We need to stop using the word leak altogether. It’s propaganda.
It’s propaganda only if you share their associated meaning/connotation. I can see how it could be, but it isn’t for me.
“We have no evidence that Enemy Of The Month didn’t do it.”
typical propaganda supporting a given war, and we have had many.
but wait – there’s more: it’s not just a war against the purported victims of “the attack”. It is also a war against YOU, the American citizen who has been trusting the liars who do the work of the owners: lying to us, the voters, who give them the power to make decisions on our behalf. it’s not the gov’t who is the enemy – it’s the people who have have bought the government and tell it what to do.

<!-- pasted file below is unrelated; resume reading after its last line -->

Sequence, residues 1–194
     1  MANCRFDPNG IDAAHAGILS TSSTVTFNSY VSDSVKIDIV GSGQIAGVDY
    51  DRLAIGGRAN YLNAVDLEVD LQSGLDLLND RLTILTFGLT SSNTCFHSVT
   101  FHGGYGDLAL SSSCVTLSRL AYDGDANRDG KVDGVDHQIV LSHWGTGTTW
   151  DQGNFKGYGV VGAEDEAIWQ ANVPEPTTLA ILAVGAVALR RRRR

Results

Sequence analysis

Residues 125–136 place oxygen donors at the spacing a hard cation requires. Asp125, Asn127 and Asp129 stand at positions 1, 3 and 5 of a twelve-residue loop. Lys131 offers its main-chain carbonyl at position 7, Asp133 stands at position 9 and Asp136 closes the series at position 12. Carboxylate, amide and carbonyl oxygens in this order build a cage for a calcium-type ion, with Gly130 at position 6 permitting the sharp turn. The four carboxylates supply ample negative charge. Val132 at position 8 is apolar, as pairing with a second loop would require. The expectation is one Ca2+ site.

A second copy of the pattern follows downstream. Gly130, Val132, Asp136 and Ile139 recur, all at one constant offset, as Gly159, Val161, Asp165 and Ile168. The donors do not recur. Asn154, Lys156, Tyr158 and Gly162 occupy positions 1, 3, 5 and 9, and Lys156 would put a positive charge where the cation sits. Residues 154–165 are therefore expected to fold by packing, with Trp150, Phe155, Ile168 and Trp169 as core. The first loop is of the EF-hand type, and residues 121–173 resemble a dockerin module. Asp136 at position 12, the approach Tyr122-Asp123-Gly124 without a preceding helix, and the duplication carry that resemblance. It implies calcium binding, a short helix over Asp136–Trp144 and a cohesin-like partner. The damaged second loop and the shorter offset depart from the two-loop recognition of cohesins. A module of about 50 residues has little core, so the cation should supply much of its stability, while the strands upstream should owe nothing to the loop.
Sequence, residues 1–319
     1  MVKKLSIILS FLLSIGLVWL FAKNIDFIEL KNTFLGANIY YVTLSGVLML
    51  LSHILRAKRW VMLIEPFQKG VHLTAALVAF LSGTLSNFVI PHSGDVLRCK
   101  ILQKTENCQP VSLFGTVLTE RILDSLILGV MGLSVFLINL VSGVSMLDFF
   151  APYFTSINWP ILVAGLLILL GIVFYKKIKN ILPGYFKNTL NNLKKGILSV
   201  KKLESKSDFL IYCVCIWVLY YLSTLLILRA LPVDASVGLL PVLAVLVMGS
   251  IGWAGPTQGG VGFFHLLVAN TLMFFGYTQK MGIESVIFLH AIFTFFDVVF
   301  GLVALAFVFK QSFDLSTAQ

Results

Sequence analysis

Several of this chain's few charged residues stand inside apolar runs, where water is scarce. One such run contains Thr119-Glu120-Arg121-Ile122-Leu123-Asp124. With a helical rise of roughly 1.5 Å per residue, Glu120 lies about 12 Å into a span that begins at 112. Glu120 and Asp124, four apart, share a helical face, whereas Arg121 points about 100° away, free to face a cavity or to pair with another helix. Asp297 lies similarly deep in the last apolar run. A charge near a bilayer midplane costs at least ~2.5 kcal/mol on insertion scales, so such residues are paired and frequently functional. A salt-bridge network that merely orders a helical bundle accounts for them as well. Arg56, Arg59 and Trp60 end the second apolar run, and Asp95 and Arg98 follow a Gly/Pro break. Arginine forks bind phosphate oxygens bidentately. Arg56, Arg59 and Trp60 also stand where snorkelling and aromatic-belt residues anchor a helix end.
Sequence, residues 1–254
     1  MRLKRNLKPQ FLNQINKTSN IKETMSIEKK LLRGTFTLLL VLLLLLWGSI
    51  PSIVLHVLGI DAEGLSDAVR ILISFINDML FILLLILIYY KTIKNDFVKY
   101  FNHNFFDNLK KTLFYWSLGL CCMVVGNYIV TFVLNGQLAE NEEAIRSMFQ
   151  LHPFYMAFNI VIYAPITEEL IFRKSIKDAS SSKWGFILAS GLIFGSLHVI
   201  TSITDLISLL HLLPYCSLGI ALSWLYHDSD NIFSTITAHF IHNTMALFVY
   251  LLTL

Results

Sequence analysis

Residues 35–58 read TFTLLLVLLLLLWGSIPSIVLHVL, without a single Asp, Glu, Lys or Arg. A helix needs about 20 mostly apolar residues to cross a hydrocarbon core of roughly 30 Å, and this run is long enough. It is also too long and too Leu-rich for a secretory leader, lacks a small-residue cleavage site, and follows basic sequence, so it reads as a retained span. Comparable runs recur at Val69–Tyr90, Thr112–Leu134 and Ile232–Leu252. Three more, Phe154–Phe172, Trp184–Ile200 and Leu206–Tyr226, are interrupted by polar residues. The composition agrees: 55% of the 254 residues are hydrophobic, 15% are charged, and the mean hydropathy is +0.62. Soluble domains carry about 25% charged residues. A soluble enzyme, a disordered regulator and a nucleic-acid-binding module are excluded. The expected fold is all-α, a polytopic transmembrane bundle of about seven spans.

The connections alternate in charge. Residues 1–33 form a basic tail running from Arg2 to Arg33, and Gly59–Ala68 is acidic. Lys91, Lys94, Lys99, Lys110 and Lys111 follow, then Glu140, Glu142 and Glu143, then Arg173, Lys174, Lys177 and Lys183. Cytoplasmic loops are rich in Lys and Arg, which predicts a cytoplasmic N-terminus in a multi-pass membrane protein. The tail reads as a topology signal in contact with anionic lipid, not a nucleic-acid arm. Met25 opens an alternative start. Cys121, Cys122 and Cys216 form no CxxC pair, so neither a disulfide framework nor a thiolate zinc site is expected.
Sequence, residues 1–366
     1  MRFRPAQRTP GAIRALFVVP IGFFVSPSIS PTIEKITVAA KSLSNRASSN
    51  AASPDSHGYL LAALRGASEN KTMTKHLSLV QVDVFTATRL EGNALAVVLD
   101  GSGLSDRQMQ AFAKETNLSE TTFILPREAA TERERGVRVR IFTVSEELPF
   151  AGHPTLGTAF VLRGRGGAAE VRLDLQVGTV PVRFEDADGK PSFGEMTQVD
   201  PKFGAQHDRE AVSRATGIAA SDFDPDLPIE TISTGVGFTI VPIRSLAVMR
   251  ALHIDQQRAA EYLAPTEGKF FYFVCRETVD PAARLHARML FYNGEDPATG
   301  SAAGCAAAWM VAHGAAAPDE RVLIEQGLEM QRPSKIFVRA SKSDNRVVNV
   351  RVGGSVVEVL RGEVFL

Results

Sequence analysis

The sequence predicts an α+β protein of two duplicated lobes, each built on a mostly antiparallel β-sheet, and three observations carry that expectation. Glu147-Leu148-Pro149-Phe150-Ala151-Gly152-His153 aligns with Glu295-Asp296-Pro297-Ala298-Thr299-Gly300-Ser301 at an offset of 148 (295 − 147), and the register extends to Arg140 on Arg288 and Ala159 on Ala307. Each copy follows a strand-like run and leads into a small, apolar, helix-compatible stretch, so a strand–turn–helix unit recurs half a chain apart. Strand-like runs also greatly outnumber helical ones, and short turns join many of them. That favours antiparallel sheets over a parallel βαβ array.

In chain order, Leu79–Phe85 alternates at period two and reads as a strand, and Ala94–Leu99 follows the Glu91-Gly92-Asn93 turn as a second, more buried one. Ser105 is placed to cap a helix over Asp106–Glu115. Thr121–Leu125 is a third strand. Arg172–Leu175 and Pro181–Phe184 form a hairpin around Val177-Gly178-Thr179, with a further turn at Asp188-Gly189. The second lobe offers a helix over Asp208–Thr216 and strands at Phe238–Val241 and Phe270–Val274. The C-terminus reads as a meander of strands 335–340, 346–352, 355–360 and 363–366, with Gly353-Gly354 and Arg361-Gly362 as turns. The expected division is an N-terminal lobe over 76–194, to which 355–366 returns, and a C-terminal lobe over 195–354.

More like a spurt, then.
This is a time-honoured misunderstanding that’s always good for a bit of journalistic hand-waving. All countries that I know of make a distinction between authorised and non-authorised disclosure of information. The former is a normal part of politics, the latter is a potential crime in any legal system. Whatever you think of this leak, or whatever you think of Snowden for that matter, the only question is whether those who spoke to the media were authorised to do so. If they were not, of course, then they may have committed a crime.
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